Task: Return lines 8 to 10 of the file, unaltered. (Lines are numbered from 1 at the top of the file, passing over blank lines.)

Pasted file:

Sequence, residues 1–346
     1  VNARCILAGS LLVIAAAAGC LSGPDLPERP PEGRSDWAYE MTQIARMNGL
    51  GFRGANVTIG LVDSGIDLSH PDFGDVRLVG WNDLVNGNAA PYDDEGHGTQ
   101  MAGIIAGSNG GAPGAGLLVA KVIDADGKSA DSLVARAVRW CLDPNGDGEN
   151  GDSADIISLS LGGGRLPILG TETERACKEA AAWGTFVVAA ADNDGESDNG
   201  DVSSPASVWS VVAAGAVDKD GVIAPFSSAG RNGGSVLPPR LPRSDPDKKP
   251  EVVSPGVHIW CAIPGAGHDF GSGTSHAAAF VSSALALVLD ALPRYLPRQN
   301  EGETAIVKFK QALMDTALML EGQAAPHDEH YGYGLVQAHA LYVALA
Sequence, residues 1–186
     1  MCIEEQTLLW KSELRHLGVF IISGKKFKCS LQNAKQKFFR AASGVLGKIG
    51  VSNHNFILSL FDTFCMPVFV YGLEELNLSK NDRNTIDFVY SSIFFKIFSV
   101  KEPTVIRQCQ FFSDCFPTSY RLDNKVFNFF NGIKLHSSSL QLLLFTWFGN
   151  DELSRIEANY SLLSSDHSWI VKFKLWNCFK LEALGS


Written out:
   301  EGETAIVKFK QALMDTALML EGQAAPHDEH YGYGLVQAHA LYVALA
Sequence, residues 1–186
     1  MCIEEQTLLW KSELRHLGVF IISGKKFKCS LQNAKQKFFR AASGVLGKIG